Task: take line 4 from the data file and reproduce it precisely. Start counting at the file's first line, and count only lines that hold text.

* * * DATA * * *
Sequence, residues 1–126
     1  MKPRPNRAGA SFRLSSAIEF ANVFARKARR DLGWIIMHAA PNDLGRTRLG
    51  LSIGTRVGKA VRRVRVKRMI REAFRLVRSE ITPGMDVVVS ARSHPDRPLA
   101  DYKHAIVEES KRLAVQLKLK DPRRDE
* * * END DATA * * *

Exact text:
   101  DYKHAIVEES KRLAVQLKLK DPRRDE